The DataOps Reference Project, located in the DataOps app, contains a set of standard definitions, jobs, and other project content automatically included in every DataOps project.
Why have a reference project?
Most files needed for a DataOps project are standard configuration and job definition files that rarely change. Therefore, it does not make sense to recreate these files every time you create a new DataOps project. An early solution was to collate these files into a standard project template and duplicate them into each new project.
However, it quickly became apparent that the ongoing cost of maintaining and updating these files would become a significant limiting factor to development within the DataOps platform. Therefore, we created the DataOps Reference Project with all of these files. This reference project is then inherited in each new project.
How is the reference project implemented?
The DataOps Reference Project has an access level of internal so that only authenticated users have read-only access to it.
The following standard content is maintained in the reference project, including:
- Default values for the main DataOps variables
- Additional variables that provide icons and orchestrator image names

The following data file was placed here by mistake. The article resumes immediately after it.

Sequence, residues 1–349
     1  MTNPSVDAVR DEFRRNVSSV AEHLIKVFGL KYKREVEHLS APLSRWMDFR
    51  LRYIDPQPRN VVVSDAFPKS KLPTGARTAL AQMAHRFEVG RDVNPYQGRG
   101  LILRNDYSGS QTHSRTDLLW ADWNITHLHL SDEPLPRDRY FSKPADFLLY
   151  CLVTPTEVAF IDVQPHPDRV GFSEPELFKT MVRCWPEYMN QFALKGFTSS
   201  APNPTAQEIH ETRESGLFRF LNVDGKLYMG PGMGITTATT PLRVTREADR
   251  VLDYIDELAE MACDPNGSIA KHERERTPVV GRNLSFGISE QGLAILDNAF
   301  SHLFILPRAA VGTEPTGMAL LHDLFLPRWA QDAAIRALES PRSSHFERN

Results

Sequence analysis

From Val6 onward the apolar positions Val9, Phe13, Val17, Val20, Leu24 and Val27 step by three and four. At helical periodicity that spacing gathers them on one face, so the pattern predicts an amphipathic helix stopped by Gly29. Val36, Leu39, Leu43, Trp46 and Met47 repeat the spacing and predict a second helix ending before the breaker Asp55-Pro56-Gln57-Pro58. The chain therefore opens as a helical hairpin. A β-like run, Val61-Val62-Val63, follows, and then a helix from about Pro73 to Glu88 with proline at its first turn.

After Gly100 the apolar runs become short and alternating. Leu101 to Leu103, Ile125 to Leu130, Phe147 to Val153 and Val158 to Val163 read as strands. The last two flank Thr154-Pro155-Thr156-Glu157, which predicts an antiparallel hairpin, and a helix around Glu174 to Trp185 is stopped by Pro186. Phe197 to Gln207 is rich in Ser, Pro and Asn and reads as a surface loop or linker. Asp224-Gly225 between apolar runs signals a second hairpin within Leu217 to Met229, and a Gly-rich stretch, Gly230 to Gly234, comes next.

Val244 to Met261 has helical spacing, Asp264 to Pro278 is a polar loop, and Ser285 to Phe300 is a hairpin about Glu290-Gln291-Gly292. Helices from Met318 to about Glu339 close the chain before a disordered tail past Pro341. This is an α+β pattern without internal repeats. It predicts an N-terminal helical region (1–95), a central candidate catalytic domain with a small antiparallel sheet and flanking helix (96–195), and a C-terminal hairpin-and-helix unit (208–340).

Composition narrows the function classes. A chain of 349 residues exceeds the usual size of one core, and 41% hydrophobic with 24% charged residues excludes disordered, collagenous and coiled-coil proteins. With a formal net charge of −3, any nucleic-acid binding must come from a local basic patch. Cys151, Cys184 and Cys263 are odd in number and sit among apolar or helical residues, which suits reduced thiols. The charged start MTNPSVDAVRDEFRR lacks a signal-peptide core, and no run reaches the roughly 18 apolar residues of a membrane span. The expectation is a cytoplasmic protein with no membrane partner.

- A before_script that runs at the start of every job to set the runtime variables
- Standard job configurations for pipeline initialization, secrets loading, Snowflake setup, and so on
- Base jobs to allow simpler project job definitions
- Execution rules, allowing branch-based job control, implemented as base jobs
What are the reference project benefits?
You can manage most of the standard pipeline configuration and content from within the reference project. This allows us to push updates to a single location, support new features or fix issues and push changes seamlessly to all your pipelines when they run.
How do I override the standard configurations in the reference project?
You must modify your project settings for simple changes such as adding or removing stages.
However, for more complex changes like tweaking any Snowflake Object Lifecycle Engine (SOLE) jobs, the best way is to copy the relevant file from the reference project implementation to your project and make changes in this file. The workflow for this is as follows:
- Copy the file in question from the reference project to the exact location in your project as per the project structure
- Make the changes you need to this file
- Edit your project's
bootstrap.ymlto alter the changed file's link from the reference project to its new local location
Although making such changes is often merited, remember that it becomes something you must support and maintain yourself. You won't directly receive any standard updates to the file from the reference project unless you merge them manually.